The World's Best Birdwatcher

By William Poe | December 2, 2003
From Missouri Conservationist: Dec 2003

It's a wonder that Pete Winter ever became a birdwatcher. As a young man, he spent a great deal of time hunting. Watching birds was extra. Now, Winter is perhaps the premier birdwatcher in the world. He is also an ardent conservationist, and a resident of St. Louis.

According to the American Birding Association, Winter is the world's topranked living birdwatcher. He has recorded the sightings of more than 7,700 bird species. Only the late Phoebe B. Snetsinger, also from St. Louis, had officially seen more bird species in the wild.

Winter also conducts a successful eastern bluebird restoration program on land he owns along the Meramec River in Franklin County. Through the Bluebirds Forever project, he has helped fledge nearly 10,000 bluebirds in Missouri. He is best known for his global birding accomplishments, but he is equally proud of his bluebird restoration success locally.

"I never intended to become a ranked birdwatcher," said Winter, 83. "For me, an interest that was born relatively late in my life simply continued to grow over the years until I was hopelessly hooked. While I have traveled the world to see birds and have wonderful memories, helping the Missouri state bird thrive is a lasting legacy."

The Bluebirds Forever project is the brainchild of Winter's brother-in-law, Bud Taylor, who has a home on Winter's 2,600-acre Roaring Spring Ranch near St. Clair. During the winter of 1994-95, after Winter had completed 165 of his more than 170 worldwide birding expeditions, Taylor asked Winter which bird he considered to be his favorite.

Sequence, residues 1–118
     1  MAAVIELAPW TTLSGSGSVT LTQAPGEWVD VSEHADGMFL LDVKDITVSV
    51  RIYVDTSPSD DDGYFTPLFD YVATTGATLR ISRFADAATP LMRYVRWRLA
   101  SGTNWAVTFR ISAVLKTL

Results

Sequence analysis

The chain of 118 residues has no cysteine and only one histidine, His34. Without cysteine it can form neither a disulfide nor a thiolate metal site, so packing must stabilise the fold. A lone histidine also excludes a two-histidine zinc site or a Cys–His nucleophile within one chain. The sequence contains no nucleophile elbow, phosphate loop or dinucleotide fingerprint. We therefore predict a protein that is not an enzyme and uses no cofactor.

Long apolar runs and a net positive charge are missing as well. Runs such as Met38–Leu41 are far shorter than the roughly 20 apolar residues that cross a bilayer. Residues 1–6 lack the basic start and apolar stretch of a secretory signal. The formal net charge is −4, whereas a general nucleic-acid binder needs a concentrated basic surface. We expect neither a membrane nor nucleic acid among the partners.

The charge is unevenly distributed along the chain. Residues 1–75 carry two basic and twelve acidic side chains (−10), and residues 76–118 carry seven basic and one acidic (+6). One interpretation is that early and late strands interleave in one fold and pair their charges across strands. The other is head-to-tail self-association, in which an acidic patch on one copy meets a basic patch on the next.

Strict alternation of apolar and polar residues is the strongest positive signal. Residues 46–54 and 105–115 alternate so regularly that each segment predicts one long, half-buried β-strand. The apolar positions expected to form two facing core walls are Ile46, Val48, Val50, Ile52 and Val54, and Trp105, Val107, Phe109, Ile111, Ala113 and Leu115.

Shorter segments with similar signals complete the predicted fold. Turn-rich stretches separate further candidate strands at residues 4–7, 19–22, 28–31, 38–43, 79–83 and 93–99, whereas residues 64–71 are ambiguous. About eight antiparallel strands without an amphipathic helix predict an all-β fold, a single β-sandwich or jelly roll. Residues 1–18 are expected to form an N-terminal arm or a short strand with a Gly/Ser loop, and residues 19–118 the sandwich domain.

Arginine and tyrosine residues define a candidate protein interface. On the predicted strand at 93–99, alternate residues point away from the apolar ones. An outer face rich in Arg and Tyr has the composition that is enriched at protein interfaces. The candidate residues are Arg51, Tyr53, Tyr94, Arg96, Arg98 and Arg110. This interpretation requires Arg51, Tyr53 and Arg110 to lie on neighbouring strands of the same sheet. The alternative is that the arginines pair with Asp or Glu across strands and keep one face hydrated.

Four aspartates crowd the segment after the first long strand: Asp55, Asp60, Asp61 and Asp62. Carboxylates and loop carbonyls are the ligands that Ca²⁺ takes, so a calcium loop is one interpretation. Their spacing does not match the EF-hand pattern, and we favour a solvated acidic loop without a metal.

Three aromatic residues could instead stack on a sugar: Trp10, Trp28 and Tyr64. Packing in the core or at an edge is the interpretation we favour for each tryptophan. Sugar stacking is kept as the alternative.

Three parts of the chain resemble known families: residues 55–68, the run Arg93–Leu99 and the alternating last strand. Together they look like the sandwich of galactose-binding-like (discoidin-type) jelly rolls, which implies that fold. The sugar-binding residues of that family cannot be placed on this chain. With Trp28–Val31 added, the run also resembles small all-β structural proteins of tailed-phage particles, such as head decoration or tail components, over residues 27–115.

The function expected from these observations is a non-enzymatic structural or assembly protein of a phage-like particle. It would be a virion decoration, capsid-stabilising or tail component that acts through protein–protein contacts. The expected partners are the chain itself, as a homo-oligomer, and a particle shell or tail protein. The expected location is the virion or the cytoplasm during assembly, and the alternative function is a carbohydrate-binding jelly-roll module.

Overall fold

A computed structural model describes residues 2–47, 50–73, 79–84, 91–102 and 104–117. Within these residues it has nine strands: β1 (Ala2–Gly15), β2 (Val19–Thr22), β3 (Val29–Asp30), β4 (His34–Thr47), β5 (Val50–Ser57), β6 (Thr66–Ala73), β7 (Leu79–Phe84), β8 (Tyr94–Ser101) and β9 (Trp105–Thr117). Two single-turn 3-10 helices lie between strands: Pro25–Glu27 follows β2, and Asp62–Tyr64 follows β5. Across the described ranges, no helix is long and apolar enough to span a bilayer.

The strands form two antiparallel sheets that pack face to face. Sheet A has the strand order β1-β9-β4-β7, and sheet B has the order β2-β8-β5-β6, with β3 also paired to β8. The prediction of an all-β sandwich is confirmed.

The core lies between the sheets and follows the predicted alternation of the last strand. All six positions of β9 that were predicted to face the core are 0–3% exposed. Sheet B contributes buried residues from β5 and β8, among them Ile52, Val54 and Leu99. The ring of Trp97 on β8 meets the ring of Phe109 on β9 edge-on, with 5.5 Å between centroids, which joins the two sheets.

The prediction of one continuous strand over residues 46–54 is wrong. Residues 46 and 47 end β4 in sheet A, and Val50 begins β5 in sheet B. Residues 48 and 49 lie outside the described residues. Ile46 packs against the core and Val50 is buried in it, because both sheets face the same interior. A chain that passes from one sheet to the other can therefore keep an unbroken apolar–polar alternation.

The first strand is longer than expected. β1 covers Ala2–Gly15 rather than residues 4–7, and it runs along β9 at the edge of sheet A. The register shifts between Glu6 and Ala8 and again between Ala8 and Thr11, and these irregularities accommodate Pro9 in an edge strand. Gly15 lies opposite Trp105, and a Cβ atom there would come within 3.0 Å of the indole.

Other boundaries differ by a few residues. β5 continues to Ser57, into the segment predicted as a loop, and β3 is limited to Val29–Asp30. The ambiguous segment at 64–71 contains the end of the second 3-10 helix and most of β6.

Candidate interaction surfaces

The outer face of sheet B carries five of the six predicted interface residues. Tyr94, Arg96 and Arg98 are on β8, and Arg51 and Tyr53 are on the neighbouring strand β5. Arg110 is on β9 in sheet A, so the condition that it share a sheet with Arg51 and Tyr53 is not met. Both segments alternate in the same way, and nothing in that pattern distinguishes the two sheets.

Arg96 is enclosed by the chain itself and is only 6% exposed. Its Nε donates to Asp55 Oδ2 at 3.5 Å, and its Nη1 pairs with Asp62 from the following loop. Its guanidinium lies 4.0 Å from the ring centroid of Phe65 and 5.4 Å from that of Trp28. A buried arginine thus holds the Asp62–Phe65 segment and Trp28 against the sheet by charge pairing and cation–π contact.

Winter's reply was immediate and enthusiastic. "The eastern bluebird! It's gentle, it's beautiful, and it has a wonderful song."

In response, Taylor announced, "Pete, I will try to raise them for you." The project began in 1995 when Winter and Taylor surveyed the ranch land for suitable bluebird house locations. Bob Winter, Pete's brother, began building the houses.

"We fledged 135 bluebirds that first year," Pete Winter said, "but because we had lost so many eggs to black snakes and raccoons, we considered the season to be a disaster."

Since then, Taylor--called "Buddy Bluebird" by his grandchildren--has solved the predator problem by covering every box post with a sheet of slick, polished aluminum. The 2000 nesting season alone saw 1,200 bluebirds fledged, along with 128 chickadees, 45 tree swallows and even 12 broods of flying squirrels.

More than 1,500 bluebirds were fledged in 2001. After they increased the number of bluebird houses from 170 to 210, the number of fledglings rose to 2,147 in 2002. There are now 246 boxes occupying all available bluebird habitat on the ranch.

Raising bluebirds takes dedication and persistence. Riding his all-terrain vehicle, Taylor inspects each of the bird boxes twice weekly during the nesting season and services them as necessary. He removes old nests, fumigates the boxes to destroy parasites, and rubs a bar of Ivory soap on the inside surface of the box lids to deter wasps. Because bluebirds are prolific nesters, Taylor may apply this regimen several times during the year.

Each pair of bluebirds typically has 14 chicks a year, in cycles of four or five each during three separate nestings. Taylor keeps precise records of each nesting cycle, and each house is numbered so he can track locations and habitat. For every house, he records the date of nest building, the date of egg laying, the number of eggs laid, the period of incubation, and the date and success of fledging.